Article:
Let’s face it: you don’t go to conferences to watch a bunch of blowhards try to fill 50 minutes with empty talk followed by a 10-minute Q&A mostly eaten up by “this is more of a comment than a question” guy. You’re there to network. Here’s how to transform the average conference from a litany of soporific sessions into the most valuable and enjoyable work thing you’ll do all year. The best part is, tackling conferences this way means that in most cases, you won’t even have to register—just show up.
In conferences, as in life, the key to opening up space for transformative opportunities is to first get comfortable with saying “no” as many times as it takes to clear your schedule. Especially in an age in which every conference is streamed, recorded, and regurgitated by its attendees and the specialist press, there is absolutely no point in watching some famous-in-his-own-mind speaker try to fill all the minutes on either side of the handful of bon mots that will just end up on Twitter anyway.
This is key. Try to figure out who is going to this conference whom you want to meet up with. It doesn’t matter how many cups of coffee you have to ingest—line them up one after another. Meetings are the one time that everyone in your field who cares to network will be in one place at one time, a singular opportunity to get in a half dozen meetings with everyone who matters to you, new and old alike.
Many people you really want to talk to are only going to be at the conference for one of several days, and have big chunks of their schedule filled up well in advance. The earlier you reach out, the more likely they’ll still have some time available. That doesn’t mean you need to start emailing people a year in advance, but don’t expect to book very many last-minute meetings.
Approaching someone out of the blue is unavoidable sometimes, but is usually a good way to never hear back. A great, quick suggestion on how to meet people comes from Brian Uzzi at Harvard Business Review. Think about the people you know and list them in a column. Then list who you met them through, if anyone, in a second column.
The names you see pop up repeatedly in the second column are the ones to reach out to about the conference. They’re likely to be the ones who can and like to introduce you to people. A few quick social media searches help as well.
Things can get hectic in the middle of the day and evening at conferences. One of the best ways to meet people and actually get a bit of time rather than a rushed 15-minute coffee is to meet really early in the morning.
There’s little enough utility in getting drunk after hours unless that’s a sport for you or you’re really looking to hook up with someone who works in your field (rarely a good idea.) The only reason to go to an after-hours party at a conference is to meet someone whom you specifically couldn’t get to sit down with you as suggested in step 2, above. Whereas going to bed early means you’ll be fresh the next morning for all those meetings you scheduled.
It’s probably impossible for you to book every minute of a meeting with sit-downs in advance, anyway, but in case you’re an especially talented planner, remember that you’re going to meet people whom you didn’t expect at all. Maybe they’re hanging out in the hallway between those sessions you’ve wisely avoided, desperate for something to distract them from whatever they just forced themselves to sit through. Or you encounter them in line, or one of your other contacts suggested you meet them, or your insistent tweeting about your presence at the conference inspired one of your weak ties to finally reach out. Ask them if they have a few minutes to talk and then meet one-on-one with them the same as if you’d had a meeting scheduled.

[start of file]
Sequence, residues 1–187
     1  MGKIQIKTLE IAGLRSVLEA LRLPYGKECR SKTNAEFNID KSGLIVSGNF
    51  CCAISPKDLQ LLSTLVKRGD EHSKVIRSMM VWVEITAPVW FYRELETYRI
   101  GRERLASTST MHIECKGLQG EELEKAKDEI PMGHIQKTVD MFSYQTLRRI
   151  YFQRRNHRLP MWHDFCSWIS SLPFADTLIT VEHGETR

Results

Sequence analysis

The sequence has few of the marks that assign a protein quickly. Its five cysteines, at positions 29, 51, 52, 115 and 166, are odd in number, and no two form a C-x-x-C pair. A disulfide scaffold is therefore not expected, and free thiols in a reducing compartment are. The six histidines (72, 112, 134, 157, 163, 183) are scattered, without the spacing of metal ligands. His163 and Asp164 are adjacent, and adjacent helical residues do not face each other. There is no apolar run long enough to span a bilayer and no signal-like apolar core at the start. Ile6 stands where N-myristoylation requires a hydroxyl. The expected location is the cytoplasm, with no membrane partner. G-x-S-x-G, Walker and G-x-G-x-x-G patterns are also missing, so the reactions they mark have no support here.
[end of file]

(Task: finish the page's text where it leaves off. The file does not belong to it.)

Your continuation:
However it happens, embrace it, and make sure you have a whole afternoon near the end of a conference set aside for these last-minute meetings.
The absolute worst time to approach someone is when everyone tries to do it, like immediately after a panel. Try to shoulder into that crowd, and if you manage to get a word in, you’ll probably be forgotten. It’s also fairly obvious when somebody’s edging towards the door, and trying to catch them then is probably going to irritate them.
Conference food is usually terrible. And while the line is a good place to meet people, most of the time spent in them is a waste of time. Even worse are lunches that combine food with a panel, which ensure that you lose out on the opportunity to meet people while listening to a speaker people are paying less attention to than usual. Do a bit of research to find a couple of nearby go-to spots. And eat light. There’s nothing wrong with doing two lunch meetings.
This isn’t necessarily an official event. Ever gone to a conference and found yourself never making it out of the convention center? Off-site trips, official or not, are probably the best way to cement your connection to old and new friends.
You will and should meet a lot of new people at any conference. That means you get a business card you look at a few days or weeks later that you can’t even connect to a face. For the people that make an impression, follow up later that day. It’s as much a reminder to yourself as them.